GARAB GANJANI TIKA, by Bhai Santokh Singh, is an exegesis in the Nirmala tradition of Guru Nanak`s Japu. The commentator, a celebrated poet and chronicler and author of the monumental Sri Gur Pratap Suraj Granth, completed the work, his only one in prose, in 1886 Bk/AD 1829. Whereas all his poetic works are written in Braj, this one is in Sadhukari. Santokh Singh undertook the writing of this commentary at the behest of his patron Ude Singh (d. 1843), the ruler of Kaithal, who, dissatisfied with an earlier tika by an Udasi sadhu, Anandghana, had wished a fresh one to be prepared. The original manuscript of Garab Ganjani Tika is preserved in the Dr Balbir Singh Sahitya Kendra at Dehra Dun.

It was first published in AD 1910 and again, with certain corrections and punctuations, in 1961. The latter edition comprises 184 printed pages. The work opens with an invocation to God, followed by couplets eulogizing first the Ten Gurus and then Sarasvati, the goddess of learning. The poet salutes his mentor Giani Sant Singh whom he had in his younger days heard expound this text. This also explains how he had come to launch on this Tika.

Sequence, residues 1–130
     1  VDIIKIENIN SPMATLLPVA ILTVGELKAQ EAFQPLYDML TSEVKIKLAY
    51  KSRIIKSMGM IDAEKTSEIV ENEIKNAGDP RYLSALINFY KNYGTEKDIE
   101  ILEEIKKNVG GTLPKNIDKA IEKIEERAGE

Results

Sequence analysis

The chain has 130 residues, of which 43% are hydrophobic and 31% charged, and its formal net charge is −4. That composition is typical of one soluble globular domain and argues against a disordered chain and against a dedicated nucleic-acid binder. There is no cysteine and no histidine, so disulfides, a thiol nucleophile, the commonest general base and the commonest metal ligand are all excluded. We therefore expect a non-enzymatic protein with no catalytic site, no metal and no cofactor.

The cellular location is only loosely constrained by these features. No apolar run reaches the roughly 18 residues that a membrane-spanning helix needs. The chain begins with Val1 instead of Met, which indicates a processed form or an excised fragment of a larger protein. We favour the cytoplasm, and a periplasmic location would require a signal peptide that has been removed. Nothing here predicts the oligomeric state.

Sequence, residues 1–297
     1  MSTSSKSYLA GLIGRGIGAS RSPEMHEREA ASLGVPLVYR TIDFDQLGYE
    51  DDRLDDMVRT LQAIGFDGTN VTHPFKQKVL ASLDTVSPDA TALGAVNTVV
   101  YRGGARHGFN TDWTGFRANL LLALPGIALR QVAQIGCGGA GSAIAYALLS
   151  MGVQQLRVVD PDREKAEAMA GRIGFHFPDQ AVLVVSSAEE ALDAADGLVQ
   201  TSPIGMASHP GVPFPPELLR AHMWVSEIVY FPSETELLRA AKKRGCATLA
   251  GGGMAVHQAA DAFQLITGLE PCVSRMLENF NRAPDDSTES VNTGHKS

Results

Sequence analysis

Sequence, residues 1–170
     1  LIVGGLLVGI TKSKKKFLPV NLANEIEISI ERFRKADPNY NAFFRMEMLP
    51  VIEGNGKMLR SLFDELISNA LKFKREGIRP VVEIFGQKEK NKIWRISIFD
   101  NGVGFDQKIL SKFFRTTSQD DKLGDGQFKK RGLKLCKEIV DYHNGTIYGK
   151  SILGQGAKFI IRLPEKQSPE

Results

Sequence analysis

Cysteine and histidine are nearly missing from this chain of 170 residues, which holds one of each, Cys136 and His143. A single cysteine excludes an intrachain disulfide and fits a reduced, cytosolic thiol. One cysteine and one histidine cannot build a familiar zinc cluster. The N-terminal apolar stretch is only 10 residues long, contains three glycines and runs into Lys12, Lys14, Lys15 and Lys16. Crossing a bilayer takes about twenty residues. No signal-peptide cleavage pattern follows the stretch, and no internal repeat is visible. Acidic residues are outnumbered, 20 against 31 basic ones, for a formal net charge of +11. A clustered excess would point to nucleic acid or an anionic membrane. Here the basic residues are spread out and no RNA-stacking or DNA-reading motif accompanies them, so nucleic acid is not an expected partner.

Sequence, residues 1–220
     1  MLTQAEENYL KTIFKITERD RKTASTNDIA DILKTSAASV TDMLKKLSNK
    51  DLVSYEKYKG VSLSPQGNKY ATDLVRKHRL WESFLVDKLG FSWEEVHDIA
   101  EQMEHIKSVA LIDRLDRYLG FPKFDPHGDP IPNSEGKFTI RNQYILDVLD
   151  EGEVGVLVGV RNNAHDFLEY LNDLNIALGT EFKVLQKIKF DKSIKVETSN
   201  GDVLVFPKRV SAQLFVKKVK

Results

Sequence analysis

He brings out the majestic sublimity of the Japu and alludes to its general popularity. These explanations occupy all of the first four pages; the exegesis proper begins at page 5. Towards the end of the work, there are four couplets explaining the title of the work:Garab Ganjam Tika is Tika or exegesis that dispels and eradicates (ganjam = that which eradicates) arrogance (garb = pride).The exegesis is proffered in the form of a gosti. The Sikh, herein called mumokhi, i.e. one who is a seeker of mokh or release, puts questions to the Guru as to how he can attain liberation and the Guru answers those questions.

Since the author himself belonged to the Nirmala tradition, Vedantic colouring in his explanations predominates. He believes that the Guru`s hymns can be expounded only on the basis of the exegesis already attempted of the Vedas. He regards Guru Nanak as an incarnation of the God Almighty the manifestation of Nirankar, the Formless One. The language of the work is Sadhukari, overladen with Braj and Sanskrit vocabulary.